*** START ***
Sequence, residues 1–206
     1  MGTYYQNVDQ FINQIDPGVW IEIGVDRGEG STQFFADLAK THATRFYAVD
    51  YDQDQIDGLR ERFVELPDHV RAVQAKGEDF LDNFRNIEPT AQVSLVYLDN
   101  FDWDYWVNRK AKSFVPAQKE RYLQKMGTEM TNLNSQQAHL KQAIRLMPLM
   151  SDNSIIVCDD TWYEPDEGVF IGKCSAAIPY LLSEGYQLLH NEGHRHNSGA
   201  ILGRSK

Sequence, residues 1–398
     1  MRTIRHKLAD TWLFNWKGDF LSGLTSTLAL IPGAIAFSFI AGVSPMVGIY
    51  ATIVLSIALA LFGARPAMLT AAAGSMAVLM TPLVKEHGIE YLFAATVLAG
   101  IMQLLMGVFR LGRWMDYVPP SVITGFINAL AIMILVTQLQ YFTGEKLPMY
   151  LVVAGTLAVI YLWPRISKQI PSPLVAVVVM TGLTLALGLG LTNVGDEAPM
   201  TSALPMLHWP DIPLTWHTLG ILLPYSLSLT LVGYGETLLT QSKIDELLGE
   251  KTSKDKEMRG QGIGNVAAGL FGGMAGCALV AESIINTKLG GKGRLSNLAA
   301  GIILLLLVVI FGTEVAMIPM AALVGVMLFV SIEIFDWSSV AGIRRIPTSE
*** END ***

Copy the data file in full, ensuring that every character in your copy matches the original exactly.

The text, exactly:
Sequence, residues 1–206
     1  MGTYYQNVDQ FINQIDPGVW IEIGVDRGEG STQFFADLAK THATRFYAVD
    51  YDQDQIDGLR ERFVELPDHV RAVQAKGEDF LDNFRNIEPT AQVSLVYLDN
   101  FDWDYWVNRK AKSFVPAQKE RYLQKMGTEM TNLNSQQAHL KQAIRLMPLM
   151  SDNSIIVCDD TWYEPDEGVF IGKCSAAIPY LLSEGYQLLH NEGHRHNSGA
   201  ILGRSK

Sequence, residues 1–398
     1  MRTIRHKLAD TWLFNWKGDF LSGLTSTLAL IPGAIAFSFI AGVSPMVGIY
    51  ATIVLSIALA LFGARPAMLT AAAGSMAVLM TPLVKEHGIE YLFAATVLAG
   101  IMQLLMGVFR LGRWMDYVPP SVITGFINAL AIMILVTQLQ YFTGEKLPMY
   151  LVVAGTLAVI YLWPRISKQI PSPLVAVVVM TGLTLALGLG LTNVGDEAPM
   201  TSALPMLHWP DIPLTWHTLG ILLPYSLSLT LVGYGETLLT QSKIDELLGE
   251  KTSKDKEMRG QGIGNVAAGL FGGMAGCALV AESIINTKLG GKGRLSNLAA
   301  GIILLLLVVI FGTEVAMIPM AALVGVMLFV SIEIFDWSSV AGIRRIPTSE